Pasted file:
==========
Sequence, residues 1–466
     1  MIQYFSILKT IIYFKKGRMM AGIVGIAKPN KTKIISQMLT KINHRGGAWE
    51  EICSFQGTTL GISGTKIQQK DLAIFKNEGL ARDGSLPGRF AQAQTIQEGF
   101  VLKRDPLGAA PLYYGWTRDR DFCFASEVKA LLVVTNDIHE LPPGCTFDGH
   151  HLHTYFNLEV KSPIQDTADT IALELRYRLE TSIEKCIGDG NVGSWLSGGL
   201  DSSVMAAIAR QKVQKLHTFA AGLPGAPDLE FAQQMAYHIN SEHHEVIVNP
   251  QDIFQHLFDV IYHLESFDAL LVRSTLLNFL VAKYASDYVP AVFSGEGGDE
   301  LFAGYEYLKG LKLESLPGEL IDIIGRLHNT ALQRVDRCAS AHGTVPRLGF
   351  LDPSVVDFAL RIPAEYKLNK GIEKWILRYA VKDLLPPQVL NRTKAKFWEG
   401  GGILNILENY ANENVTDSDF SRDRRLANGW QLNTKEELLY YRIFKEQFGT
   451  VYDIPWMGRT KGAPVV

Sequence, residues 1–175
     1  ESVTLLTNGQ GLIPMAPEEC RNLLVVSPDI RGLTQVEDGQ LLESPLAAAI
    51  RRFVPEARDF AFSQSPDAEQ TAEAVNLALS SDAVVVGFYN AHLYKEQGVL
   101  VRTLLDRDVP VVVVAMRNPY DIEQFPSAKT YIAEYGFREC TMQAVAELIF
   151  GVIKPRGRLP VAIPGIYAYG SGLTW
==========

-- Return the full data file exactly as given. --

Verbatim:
Sequence, residues 1–466
     1  MIQYFSILKT IIYFKKGRMM AGIVGIAKPN KTKIISQMLT KINHRGGAWE
    51  EICSFQGTTL GISGTKIQQK DLAIFKNEGL ARDGSLPGRF AQAQTIQEGF
   101  VLKRDPLGAA PLYYGWTRDR DFCFASEVKA LLVVTNDIHE LPPGCTFDGH
   151  HLHTYFNLEV KSPIQDTADT IALELRYRLE TSIEKCIGDG NVGSWLSGGL
   201  DSSVMAAIAR QKVQKLHTFA AGLPGAPDLE FAQQMAYHIN SEHHEVIVNP
   251  QDIFQHLFDV IYHLESFDAL LVRSTLLNFL VAKYASDYVP AVFSGEGGDE
   301  LFAGYEYLKG LKLESLPGEL IDIIGRLHNT ALQRVDRCAS AHGTVPRLGF
   351  LDPSVVDFAL RIPAEYKLNK GIEKWILRYA VKDLLPPQVL NRTKAKFWEG
   401  GGILNILENY ANENVTDSDF SRDRRLANGW QLNTKEELLY YRIFKEQFGT
   451  VYDIPWMGRT KGAPVV

Sequence, residues 1–175
     1  ESVTLLTNGQ GLIPMAPEEC RNLLVVSPDI RGLTQVEDGQ LLESPLAAAI
    51  RRFVPEARDF AFSQSPDAEQ TAEAVNLALS SDAVVVGFYN AHLYKEQGVL
   101  VRTLLDRDVP VVVVAMRNPY DIEQFPSAKT YIAEYGFREC TMQAVAELIF
   151  GVIKPRGRLP VAIPGIYAYG SGLTW